How did you get your career start and what path have you taken since? My family members are all artists in some form or another, but being ever rebellious, I took on bookkeeping, a safe and reliable career in NY for 3 years. After September 11 I realised how much I missed the ease of Australia – parks, beaches, good coffee and, of course, my family. Not sure how I could combine my love of food, creativity and (believe it or not) structure and routine, I spent some time working in my uncle’s shop The Chefs’ Warehouse.
What’s the best lesson you’ve learnt along the way? To really stay alert creatively. You never know when something will inspire you and to stay true to that vision and in the end the harder something is to achieve, the more worthwhile and satisfying it is likely to be. Oh, and there is no such thing as too much bubble wrap.
What’s your proudest career achievement? To date that would be styling the welcome to Sydney Oprah party with Donna Hay as creative director for the event. It was an experience I will never forget and an opportunity rarely available (who wants to say never!?). It was 24/7 fingers on the dial type work: emails and phone calls taken at 2am when ideas would come to mind. I loved every minute of it, as I was able to work along side Sydney’s most significant and respected companies and brands to create an event that would essentially be part of one of the biggest Australian tourism campaign’s in the USA. I met some amazing people on this job who helped change, support and inspire the direction of my career.
What’s been your best decision? The most recent, best decision I made was to embark on a freelance stylist career. I’m in month two and it has already been so rewarding and empowering. People may not realise, it requires lots of determination and confidence to get out there amongst it alone in this world whatever you do. I’m really proud to be doing it.
Who inspires you? Wow, so many people. For their souls: my Dad and my partner Andrew and my son. For their creative approach and vision: Steve Pearce. Sibella Court. Donna Hay. Glen Proebstel. Sue Fairlie-Cunningham. Saskia Havekes. David Starck. Deb McLean. The Remodelista team. Lynda Gardener. Gaye Chapman. For their rebellious and voracious approach to life: my mum and Charlotte Weight.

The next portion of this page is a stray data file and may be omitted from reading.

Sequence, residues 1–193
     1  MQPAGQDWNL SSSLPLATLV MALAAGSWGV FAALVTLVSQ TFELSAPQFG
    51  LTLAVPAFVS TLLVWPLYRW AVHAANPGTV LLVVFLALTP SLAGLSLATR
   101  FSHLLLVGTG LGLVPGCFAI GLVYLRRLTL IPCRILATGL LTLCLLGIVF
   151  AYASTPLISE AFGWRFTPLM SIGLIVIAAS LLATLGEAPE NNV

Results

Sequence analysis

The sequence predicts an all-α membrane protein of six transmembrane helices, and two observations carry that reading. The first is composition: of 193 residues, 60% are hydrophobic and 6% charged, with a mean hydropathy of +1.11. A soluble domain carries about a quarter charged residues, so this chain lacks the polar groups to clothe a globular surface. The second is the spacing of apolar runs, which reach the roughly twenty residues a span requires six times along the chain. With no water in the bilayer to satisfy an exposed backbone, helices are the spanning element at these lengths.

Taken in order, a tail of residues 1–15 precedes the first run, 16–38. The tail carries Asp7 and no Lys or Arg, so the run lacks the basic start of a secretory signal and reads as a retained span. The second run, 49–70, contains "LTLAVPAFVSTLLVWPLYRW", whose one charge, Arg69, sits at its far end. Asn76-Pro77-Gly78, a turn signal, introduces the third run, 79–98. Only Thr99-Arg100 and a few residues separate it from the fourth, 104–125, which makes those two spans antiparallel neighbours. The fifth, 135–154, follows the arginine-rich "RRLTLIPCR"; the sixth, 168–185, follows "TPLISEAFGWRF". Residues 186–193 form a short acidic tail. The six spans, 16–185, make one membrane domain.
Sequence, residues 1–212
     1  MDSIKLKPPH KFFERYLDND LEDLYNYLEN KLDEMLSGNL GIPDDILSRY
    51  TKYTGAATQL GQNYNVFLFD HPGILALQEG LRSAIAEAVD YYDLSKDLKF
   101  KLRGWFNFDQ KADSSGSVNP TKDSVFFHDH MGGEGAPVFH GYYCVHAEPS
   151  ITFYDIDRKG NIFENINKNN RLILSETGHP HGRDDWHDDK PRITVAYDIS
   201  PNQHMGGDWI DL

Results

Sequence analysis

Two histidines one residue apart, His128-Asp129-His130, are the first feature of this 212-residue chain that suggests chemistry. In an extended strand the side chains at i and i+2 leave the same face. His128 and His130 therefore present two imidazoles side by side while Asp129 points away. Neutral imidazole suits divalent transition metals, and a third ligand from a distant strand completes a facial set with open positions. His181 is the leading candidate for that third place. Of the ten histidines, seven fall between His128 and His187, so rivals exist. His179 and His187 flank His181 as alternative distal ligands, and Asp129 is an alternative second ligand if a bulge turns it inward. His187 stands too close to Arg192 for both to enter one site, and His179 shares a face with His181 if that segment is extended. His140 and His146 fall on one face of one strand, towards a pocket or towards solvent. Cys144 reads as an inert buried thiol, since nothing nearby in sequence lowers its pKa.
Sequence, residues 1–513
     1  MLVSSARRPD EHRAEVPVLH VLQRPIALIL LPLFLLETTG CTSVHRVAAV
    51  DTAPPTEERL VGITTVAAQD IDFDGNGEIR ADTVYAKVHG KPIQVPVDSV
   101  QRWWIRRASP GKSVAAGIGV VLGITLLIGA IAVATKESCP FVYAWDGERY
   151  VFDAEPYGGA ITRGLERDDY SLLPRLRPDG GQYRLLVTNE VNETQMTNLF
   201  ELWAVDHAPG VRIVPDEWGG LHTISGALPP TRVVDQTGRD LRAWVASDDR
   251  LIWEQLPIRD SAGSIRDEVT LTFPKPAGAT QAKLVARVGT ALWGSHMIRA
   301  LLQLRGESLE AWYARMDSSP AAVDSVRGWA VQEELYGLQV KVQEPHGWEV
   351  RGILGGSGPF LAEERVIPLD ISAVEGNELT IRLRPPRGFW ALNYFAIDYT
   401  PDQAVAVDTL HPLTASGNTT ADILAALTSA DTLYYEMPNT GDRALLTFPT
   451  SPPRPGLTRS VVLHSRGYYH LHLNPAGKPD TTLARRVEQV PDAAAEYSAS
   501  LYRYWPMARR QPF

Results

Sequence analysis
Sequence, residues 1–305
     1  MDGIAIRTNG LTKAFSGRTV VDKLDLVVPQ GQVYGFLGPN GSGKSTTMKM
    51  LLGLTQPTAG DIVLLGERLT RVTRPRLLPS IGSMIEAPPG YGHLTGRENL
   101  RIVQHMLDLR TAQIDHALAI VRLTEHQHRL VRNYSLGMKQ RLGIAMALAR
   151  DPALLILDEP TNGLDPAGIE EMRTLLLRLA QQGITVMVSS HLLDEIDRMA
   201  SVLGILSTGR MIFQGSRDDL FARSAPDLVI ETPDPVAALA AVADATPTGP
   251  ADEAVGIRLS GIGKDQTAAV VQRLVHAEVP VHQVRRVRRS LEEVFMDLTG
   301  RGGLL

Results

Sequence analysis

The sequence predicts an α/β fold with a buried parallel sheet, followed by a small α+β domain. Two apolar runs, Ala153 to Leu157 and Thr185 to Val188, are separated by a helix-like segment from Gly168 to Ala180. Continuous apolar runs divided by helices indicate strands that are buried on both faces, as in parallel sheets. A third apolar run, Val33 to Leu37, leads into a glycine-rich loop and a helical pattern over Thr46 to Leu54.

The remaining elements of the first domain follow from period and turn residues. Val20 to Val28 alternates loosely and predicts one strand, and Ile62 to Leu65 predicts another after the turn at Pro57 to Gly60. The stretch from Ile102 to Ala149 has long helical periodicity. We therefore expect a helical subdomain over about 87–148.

What are you passionate about? Tones, texture, movement, light; all of these things in a still image can take my breath away. Taste and smell would have to be my top two senses. Taste is my indulgent one, but scent is completely magical for me. It’ll stop me in my tracks and take me back and even forward in time. Family; I am fortunate to have one that I love to spend a lot of time with – they really make me laugh and feel full. I also feel that respect in all forms is key to a better career and can transform all aspects of our lives. It’s a very underrated trait that was such a huge part of societies history, but somehow now, not so much.
Which person, living or dead, would you most like to meet? Currently Tim Walker. I say currently because I still have the chance.
What dream do you still want to fulfil? My career goals and dreams will be ever changing. But I have always wanted to buy a space, rip its interior out and create the perfect home. A place that has outdoor areas inside, inside areas outside, light from the sides and above, smooth hard floors, levels that aren’t always directly above/below one another. A place that has little areas that you can drift between through day and night. One day, I will be surrounded by rubble and dust with a sledgehammer in hand and it will be so exciting.
What are you reading? Dad, my brother and I swap crime books – I enjoy absent-mindedly following their path. I am constantly reading the gutter or on-page credits in any design/interiors mag: InsideOut, Belle, (Inside), CASA Vogue (any issue will do!).